• Sanctions and Legal Fees Recommended for Plaintiffs’ Attorney in WWE Suit
  • April 5, 2018
  • On February 22, 2018, a federal judge ruled on a motion for sanctions filed by defendant World Wrestling Entertainment Inc. (WWE), against Konstantine Kyros, the attorney representing former WWE wrestlers, plaintiffs Evan Singleton and Vito LoGrasso, in their concussion suit. WWE’s motion sought sanctions against Kyros for failing to sufficiently respond to WWE’s interrogatories.

    The recommended ruling stated that plaintiffs’ counsel was served with interrogatories on January 27, 2016, and that when the parties met on March 7, 2016, the responses were still found to be inadequate. WWE filed a motion to compel immediately following the parties’ discussion. The motion was granted in part, and plaintiffs responded with supplemental responses. One interrogatory sought information regarding LoGrasso’s injury symptoms, the response to which was found to be vague and lacking, despite that the granted motion to compel required counsel to revisit and amend the response. WWE found the responses to be insufficient, and argued that they “continued to be either incomplete, unchanged in any material way, or evasive.” This prompted WWE’s motion for sanctions.
    The ruling on the motion for sanctions stated that “[a]fter reviewing the supplemental interrogatory responses and hearing the explanations from plaintiff’s counsel for insufficiencies, the Court is unimpressed.” The ruling cites that the Federal Rules of Civil Procedure authorize a court to impose sanctions “up to and including dismissal of the action,” the reasoning behind it being to “ensure that a party will not benefit from its own failure to comply.” It proceeded to note that the court did not find the insufficiencies to have met the threshold for dismissal altogether. As punishment the failure of Kyros to respond adequately to interrogatories, rather than dismissal, the ruling recommended that he pay all legal fees associated with the costs of the sanctions motion.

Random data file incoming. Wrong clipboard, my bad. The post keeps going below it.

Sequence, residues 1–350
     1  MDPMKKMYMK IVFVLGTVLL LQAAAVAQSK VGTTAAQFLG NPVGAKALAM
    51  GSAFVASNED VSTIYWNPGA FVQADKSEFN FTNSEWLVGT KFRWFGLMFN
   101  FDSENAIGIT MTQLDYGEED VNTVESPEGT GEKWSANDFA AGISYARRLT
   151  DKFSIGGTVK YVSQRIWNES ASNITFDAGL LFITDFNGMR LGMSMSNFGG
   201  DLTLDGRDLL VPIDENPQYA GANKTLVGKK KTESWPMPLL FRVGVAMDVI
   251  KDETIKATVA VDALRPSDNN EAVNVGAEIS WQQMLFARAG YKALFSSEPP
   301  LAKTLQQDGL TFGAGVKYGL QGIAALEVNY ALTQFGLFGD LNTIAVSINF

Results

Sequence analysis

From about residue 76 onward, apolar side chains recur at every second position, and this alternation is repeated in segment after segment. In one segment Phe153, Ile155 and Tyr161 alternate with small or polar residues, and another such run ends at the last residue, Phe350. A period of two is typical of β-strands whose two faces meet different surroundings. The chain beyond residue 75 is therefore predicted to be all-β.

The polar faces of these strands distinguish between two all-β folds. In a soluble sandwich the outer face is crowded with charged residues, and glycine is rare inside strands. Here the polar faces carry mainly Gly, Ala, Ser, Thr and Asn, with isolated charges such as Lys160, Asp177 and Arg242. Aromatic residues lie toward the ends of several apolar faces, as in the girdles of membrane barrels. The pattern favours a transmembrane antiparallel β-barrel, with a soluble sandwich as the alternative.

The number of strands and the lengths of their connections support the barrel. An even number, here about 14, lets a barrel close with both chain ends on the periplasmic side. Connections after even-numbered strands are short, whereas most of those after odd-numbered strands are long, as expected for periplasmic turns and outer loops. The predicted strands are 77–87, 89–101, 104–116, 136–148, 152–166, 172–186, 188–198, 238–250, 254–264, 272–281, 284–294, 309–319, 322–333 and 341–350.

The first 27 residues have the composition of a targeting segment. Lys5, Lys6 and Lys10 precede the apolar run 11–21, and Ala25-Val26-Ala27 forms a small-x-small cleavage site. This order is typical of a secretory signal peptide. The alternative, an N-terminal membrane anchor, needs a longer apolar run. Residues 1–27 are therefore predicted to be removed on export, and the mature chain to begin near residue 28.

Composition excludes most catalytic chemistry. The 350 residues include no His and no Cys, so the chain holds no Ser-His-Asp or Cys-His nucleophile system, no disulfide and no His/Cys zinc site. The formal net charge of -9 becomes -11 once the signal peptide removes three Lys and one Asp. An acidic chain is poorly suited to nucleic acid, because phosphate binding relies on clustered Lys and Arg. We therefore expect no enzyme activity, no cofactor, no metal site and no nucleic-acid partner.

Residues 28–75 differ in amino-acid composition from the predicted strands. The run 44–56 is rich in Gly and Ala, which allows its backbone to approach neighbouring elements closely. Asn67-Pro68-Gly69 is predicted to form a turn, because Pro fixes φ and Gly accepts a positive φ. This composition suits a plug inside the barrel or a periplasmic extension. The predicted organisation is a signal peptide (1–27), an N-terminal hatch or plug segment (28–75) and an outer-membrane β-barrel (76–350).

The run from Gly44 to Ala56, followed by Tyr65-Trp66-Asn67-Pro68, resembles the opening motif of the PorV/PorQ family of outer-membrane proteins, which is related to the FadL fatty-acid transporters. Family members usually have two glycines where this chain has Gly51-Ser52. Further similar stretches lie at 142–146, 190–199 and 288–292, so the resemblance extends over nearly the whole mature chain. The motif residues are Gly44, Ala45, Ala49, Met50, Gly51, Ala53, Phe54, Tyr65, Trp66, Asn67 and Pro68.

Despite the sting of sanctions and legal fees, both appear reasonable given the circumstances, and certainly less severe than dismissal of the entire suit. The ruling offered that the “Court hopes that this, a lesser sanction than dismissal, will be sufficient to get this litigation moving in a reasonable manner.”